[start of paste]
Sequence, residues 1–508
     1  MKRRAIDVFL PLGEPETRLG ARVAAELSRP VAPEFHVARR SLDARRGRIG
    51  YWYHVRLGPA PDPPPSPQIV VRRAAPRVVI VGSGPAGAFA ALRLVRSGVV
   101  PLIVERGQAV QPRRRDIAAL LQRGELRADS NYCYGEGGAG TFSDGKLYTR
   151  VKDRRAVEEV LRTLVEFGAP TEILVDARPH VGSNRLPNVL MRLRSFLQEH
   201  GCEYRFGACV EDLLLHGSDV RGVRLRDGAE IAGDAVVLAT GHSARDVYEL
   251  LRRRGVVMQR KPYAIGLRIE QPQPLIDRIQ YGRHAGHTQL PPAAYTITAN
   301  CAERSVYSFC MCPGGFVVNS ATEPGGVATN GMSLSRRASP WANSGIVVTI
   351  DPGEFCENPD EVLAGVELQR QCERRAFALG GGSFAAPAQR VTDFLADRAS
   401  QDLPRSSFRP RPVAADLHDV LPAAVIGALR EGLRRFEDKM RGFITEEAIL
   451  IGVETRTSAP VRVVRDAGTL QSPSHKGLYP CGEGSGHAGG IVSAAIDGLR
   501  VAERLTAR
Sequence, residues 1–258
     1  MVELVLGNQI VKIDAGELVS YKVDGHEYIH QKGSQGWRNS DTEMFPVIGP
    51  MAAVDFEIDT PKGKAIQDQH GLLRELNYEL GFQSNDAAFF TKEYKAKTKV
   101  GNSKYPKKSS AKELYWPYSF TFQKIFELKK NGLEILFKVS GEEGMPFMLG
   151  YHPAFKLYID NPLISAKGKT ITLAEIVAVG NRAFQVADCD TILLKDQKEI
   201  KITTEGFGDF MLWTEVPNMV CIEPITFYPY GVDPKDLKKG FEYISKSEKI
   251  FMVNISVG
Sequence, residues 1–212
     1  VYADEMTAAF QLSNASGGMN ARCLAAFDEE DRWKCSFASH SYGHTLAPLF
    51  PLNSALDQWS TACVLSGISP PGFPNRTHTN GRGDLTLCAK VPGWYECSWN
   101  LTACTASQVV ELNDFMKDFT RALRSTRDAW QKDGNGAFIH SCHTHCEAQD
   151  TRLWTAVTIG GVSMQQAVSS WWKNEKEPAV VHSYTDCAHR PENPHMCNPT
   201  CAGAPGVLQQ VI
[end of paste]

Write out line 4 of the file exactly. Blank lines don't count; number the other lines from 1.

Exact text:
   101  PLIVERGQAV QPRRRDIAAL LQRGELRADS NYCYGEGGAG TFSDGKLYTR